Revising our pandemic brain circuitry – 3.26.21

Letter from Dean Sive - March 26, 2021
Dear College of Science Faculty and Staff,

Almost everything can be framed as a ‘pathway’, that I would define as ‘one thing leading to another’. This may be one of the Great Principles. There is your path through life, that you build and that often seems to build itself. And almost everything in science is part of a natural or built pathway.

Each chemical synthesis that produces medicines is a carefully orchestrated pathway, one step producing the material needed for the next step along the route to a final product. In the chemistry of life, biochemistry, the pathways are crazy complex. Different pathways connect and diverge and connect again. It’s these ‘metabolic’ pathways that most medicines target, and side effects occur because of pathway entanglements. Even if a drug fixes one pathway, it will likely have unwanted effects on others that are connected. It is almost impossible to disentangle these.

Pathways in the nervous system are particularly interesting because they are often not fixed. The nervous system is wired by neurons, specialized cells that transmit electrical signals and connect through synapses, to form neural circuits, the pathways of your mind. The connections are not simple snaps – most synapses use chemicals (neurotransmitters) that travel between neurons, and synapses are open to modification and modulation. As you learn, new synapses and circuits form, and learning increases because of changes in neurotransmitters and the response of neurons to these. There are about 100 million neurons in the human brain, and each can make 10,000 connections, making for mind-boggling complexity in the brain ‘connectome’.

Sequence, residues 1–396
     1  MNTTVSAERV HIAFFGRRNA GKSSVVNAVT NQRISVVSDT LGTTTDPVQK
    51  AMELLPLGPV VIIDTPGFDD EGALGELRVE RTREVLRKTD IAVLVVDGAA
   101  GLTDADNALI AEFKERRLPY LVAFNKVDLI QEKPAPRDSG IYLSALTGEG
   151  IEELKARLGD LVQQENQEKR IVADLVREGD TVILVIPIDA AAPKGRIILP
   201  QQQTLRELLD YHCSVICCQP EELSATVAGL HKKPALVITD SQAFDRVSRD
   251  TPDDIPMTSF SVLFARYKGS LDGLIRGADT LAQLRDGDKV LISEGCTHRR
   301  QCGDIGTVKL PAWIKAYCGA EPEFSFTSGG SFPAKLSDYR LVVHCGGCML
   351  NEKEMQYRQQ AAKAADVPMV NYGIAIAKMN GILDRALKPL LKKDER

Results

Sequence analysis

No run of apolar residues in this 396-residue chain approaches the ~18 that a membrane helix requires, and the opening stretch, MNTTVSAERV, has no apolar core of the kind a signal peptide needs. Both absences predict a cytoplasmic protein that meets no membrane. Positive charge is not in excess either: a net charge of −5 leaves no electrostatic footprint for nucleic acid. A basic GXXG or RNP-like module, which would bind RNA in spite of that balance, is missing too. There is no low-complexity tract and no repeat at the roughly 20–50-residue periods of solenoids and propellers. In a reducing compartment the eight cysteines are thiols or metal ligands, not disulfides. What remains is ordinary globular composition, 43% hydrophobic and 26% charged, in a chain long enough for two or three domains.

During the COVID pandemic, we have done a lot of learning. You probably now readily remember to wear a mask when you go outside, and you avoid getting too close to non-pod people without thinking twice. The landscape is quite familiar, because each of us has formed some new neural circuitry. We have also been enormously stressed, and Covid Stress Syndrome is real. Please take care of your mental health, and seek help as you need it.

There is writing now on fear of being normal, post-COVID. Some of this has to do with revising our pandemic brain circuitry and it will be a jolt to try and lose this. I can’t now imagine feeling comfortable going out mask-less. It will help to reactivate pleasant, socializing circuits that have been dormant for a year. We will have to build up again these old pathways, even while remnants of the pandemic persist.

Of course, post-pandemic is a myth right now. Most people are not yet vaccinated and our cases on campus have been increasing. So, please stay masked, distanced and tested. And please ensure that your students and research group members do also. THANK YOU!

For those of you celebrating the freedom festival of Passover that begins this weekend, Chag Sameach!

Best regards,

dean signature

Hazel Sive PhD
Dean, College of Science
Northeastern University